Tanks, helicopters, corpses and their destroyed homes. As the conflict in Ukraine enters its ninth week, children fleeing the country have recounted the devastating impact the war is having on their mental health in a series of drawings released by Save the Children, the organization that for over 100 years fighting to save the girls and boys at risk and guarantee them a future.

According to the latest figures, it is estimated that over 5 million people – including 2.8 million children – have fled Ukraine since the escalation of the conflict. 2.3 million still remain in the country, while more than 500 have been killed or injured. In nine weeks of war, the Romanian border alone would have been crossed by over 750,000 refugees

As soon as the first families from Ukraine started crossing the border into Romania, Save the Children set up a child-friendly space in Bucharest’s largest train station, a transit point for thousands of refugees every day. It is a carefully designed play area, full of toys and drawing stations. Rooms specifically designed to give children the chance to be children again, after harrowing journeys that have forced them to leave their homes and often even families and friends.

Experienced staff, including psychologists and child protection experts, manage the space and provide psychological support to help children process their experiences. The children’s first drawings, as reported by Save the Children workers, clearly highlighted the trauma they had suffered and are trying to process. Hilda, 12 yo, drew a crying woman dressed in the colors of the Ukrainian flag next to a faceless gray soldier as bombs fall from a plane. One child used a red crayon to portray himself leaving his home as an unidentified object falls from the sky. Yet another drew two tanks rolling across the page. Finally, there are those who drew two women, one of whom lying on the ground.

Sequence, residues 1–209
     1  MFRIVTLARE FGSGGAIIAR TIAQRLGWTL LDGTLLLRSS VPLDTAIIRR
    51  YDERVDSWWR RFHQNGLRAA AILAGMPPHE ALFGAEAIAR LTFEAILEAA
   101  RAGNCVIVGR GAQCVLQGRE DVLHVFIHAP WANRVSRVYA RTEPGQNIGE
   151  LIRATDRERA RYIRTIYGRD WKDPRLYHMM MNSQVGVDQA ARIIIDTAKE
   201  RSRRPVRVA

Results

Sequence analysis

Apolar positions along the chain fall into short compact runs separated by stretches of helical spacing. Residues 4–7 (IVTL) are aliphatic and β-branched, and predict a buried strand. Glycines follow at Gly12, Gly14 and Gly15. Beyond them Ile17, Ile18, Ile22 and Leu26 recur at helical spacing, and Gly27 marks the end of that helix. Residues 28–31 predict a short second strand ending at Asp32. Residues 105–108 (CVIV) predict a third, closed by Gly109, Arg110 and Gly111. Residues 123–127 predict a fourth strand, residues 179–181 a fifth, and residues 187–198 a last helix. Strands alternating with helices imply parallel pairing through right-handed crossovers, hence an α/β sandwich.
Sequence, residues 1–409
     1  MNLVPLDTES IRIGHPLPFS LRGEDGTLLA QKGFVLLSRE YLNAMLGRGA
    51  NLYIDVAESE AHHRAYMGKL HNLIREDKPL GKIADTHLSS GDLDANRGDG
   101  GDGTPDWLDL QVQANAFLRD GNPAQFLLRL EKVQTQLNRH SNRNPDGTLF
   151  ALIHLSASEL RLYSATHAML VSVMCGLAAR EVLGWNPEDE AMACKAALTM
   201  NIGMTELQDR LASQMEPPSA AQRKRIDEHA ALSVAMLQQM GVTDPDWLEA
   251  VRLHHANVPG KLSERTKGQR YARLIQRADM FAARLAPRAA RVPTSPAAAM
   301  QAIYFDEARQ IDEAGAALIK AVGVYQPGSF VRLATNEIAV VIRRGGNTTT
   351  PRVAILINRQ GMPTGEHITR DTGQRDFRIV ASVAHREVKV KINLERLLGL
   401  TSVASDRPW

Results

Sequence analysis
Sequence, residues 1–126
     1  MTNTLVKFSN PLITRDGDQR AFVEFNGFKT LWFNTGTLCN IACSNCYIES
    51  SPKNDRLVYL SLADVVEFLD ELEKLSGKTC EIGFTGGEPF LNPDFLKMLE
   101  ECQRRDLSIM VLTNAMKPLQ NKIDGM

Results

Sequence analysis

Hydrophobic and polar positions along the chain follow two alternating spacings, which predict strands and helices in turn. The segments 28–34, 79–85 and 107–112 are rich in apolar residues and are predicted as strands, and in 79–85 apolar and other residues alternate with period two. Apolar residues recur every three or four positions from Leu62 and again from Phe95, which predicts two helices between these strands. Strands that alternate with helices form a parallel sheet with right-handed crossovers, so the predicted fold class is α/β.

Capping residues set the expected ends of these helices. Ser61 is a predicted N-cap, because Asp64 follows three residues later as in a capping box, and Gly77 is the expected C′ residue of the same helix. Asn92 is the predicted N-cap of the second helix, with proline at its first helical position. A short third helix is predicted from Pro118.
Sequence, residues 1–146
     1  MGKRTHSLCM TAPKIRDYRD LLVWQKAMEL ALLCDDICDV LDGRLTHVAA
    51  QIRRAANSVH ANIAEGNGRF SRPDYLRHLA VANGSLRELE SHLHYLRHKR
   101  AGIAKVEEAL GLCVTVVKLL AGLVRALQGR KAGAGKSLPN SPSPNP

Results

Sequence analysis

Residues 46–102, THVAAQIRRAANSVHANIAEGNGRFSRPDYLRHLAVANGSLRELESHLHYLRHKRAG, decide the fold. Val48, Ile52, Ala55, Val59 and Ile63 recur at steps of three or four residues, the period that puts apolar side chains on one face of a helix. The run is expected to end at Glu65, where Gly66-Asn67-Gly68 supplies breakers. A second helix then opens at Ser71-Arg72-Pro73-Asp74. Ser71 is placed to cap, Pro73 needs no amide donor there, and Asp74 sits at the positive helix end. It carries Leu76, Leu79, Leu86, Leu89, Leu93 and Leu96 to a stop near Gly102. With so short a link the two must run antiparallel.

Save the Children run a child friendly space in the largest train station in Bucharest, the north station. The child friendly space provides refugees from Ukraine with a safe area to rest and play, and equipment to help their children to unwind and play following long and stressful journeys. In collaboration with the Red Cross, Save the Children also offer all families food, water, hot drinks and essential hygiene items like babies’ nappies and baby changing facilities. Save the Children’s specialist staff also offer families medical treatment and psychological support. Save the Children has been working in Eastern Ukraine since conflict erupted in 2014, delivering essential humanitarian aid to children and their families. Even before this latest escalation, 2.9 million people — including over 400,000 children —needed humanitarian assistance. Save the Children are still supporting communities in Ukraine through our partners, and in neighbouring countries.

Save the Children’s Child Friendly Spaces provide a safe and supportive environment for children to socialise, play, and be children again, with child protection experts on hand to provide psychological first aid and help children process their experiences. Save the Children were already running Child Friendly Spaces in reception centres across Romania. Since 24th February, the organisation have set up more spaces at border crossings, transportation hubs, and reception centres.



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